Strawberry legs is a cute term used to describe a very annoying situation! Otherwise known as folliculitis, strawberry legs is the dreaded look of dark pores on your legs that you might get after shaving that actually resembles the look of strawberry seeds. And this is not a situation that happens in the summer only, it’s just that you tend to notice them more during warmer weather when the legs come out of hiding. What causes strawberry legs you wonder and is there a solution? You bet. Read below for some expert advice on what causes strawberry legs and how to get rid of them once and for all.
What Causes Strawberry Legs?
1 || Folliculitis
This is simply a case of your pores getting clogged. Be it oil, bacteria, dead skin cells or any other dirt that you may encounter, they all may get your pores blocked and result in inflammation of the hair follicles. The end result may resemble acne either in the form of white-heads or red bumps.
2 || Keratosis Pilaris
This is a case of trapped keratin. Keratin, in case you didn’t know, is a protein that actually exists in our skin, hair, and nails. When keratin gets trapped it may plug the follicular openings which results in the bumpy look we all hate. Think bumpy upper arms!
3 || Ingrown Hairs
Ingrown hairs are so common as you all may know. Ingrown hairs are basically hairs that curl unto themselves and grow under the surface of the skin. They usually grow in areas that we shave or wax often.
1 || Exfoliate
If bumps are bothering you, using a chemical exfoliant or a treatment including lactic or glycolic acid should become a regular thing in your routine. Lactic and glycolic acids remove the dead cells on the surface of your skin thus reducing the occurrence of clogged pores.
2 || Spot Treat
Spot treat the folliculitis using products that contain salicylic acid, benzoyl peroxide, and retinol. These products will dry out excess oil, will kill bacteria, and will encourage cell renewal.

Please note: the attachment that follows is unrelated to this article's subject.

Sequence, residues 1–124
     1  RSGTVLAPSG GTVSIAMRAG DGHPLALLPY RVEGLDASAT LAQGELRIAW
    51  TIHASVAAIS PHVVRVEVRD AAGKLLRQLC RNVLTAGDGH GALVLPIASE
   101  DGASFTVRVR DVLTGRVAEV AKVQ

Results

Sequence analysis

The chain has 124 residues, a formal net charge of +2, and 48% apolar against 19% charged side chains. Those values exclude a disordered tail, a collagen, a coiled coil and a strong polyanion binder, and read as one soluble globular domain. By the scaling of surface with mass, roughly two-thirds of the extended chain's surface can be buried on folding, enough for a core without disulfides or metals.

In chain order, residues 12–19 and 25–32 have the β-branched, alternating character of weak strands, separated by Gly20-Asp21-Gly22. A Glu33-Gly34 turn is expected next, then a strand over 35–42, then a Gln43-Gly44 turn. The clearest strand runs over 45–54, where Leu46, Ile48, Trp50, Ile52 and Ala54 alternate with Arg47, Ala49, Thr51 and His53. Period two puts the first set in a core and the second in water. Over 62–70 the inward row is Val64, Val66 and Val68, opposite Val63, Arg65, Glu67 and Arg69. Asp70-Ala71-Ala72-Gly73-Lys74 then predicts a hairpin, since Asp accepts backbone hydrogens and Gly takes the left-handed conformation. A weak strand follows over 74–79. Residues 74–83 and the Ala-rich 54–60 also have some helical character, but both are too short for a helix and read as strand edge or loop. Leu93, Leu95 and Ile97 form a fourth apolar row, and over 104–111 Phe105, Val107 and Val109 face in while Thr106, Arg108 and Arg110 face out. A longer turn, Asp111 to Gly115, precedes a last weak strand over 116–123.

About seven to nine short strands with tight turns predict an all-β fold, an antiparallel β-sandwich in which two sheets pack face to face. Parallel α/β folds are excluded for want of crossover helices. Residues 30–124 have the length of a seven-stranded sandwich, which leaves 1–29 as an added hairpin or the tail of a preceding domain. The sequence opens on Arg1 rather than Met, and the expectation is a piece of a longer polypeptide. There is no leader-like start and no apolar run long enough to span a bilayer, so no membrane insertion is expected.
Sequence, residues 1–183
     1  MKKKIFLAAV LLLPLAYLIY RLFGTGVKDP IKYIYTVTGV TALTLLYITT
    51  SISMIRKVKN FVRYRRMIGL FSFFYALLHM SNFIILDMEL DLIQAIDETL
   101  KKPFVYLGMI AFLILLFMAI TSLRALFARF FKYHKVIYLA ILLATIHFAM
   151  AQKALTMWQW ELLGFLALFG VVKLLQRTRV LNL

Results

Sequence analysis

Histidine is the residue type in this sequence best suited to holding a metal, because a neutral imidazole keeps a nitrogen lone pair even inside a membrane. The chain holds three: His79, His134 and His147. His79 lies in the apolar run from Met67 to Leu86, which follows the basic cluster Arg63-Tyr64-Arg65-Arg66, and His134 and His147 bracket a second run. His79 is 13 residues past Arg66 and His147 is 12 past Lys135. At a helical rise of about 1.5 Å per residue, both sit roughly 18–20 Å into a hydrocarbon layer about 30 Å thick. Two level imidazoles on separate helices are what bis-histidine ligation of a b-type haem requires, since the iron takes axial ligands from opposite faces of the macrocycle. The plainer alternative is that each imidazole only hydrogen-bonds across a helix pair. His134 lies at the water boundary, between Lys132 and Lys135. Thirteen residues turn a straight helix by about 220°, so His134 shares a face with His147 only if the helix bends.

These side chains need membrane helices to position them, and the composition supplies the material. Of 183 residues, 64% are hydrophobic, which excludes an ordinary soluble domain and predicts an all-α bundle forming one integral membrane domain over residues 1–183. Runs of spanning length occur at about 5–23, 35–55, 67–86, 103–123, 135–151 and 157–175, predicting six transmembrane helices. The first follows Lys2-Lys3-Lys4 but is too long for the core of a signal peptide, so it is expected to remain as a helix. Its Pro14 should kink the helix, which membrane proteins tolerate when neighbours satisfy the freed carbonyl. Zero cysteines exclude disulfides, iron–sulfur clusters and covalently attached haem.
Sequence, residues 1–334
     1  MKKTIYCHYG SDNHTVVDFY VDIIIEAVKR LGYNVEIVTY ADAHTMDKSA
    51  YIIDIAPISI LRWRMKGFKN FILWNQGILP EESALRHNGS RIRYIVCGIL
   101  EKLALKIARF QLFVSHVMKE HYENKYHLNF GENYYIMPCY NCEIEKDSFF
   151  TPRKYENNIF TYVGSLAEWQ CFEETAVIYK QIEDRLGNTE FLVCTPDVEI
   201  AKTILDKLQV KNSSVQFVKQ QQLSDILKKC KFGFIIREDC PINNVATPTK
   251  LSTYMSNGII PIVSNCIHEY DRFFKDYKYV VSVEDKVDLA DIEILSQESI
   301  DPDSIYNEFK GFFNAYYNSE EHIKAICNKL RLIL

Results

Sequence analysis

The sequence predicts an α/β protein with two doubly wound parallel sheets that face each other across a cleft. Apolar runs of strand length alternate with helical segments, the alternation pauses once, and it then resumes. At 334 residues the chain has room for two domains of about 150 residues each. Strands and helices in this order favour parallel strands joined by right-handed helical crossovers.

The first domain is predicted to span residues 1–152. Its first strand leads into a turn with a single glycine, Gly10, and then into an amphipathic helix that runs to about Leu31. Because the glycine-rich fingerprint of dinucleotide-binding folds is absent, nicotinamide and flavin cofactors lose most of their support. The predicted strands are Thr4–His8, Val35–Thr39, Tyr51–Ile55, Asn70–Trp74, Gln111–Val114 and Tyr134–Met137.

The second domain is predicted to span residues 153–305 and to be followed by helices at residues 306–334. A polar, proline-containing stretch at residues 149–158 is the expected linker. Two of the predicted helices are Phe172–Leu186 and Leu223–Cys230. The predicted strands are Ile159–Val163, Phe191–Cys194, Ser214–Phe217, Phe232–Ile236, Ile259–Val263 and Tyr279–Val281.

3 || Moisturise
And moisturise well, especially after exfoliation or using products to spot treat the area. This will reduce any possible inflammation which will allow the hairs to grow out more easily. Soften your skin barrier by wetting your skin and then applying oil and lotion to wet skin to lock the moisture in and to keep the skin supple and easy to work with.
4 || No Picking
Put down your tweezers! Resist the urge to pick at your skin and be patient with the treatments until they do their work. If nothing improves in two weeks’ time see a dermatologist.
1 || Cleanse Well
This is especially true after your workout or any sweaty session. Keep cleansing wipes on hand to clean your skin, and use a product with salicylic acid based body wash at home.
2 || Clean Sharp Razor
To prevent future bumps and ingrown hairs make sure you use a clean sharp razor at all times. Throw out any rusting blades or blades that are dulled to prevent inflammation. Store your razors in a cool dry place instead of keeping them in the shower despite the inconvenience it might entail.
3 || Shave Right
Contrary to common belief you have to shave IN the direction of hair growth and not against it. Use short strokes and not long ones. Do not shave in many directions as this will increase the likelihood of getting either razor burn or causing ingrown hairs.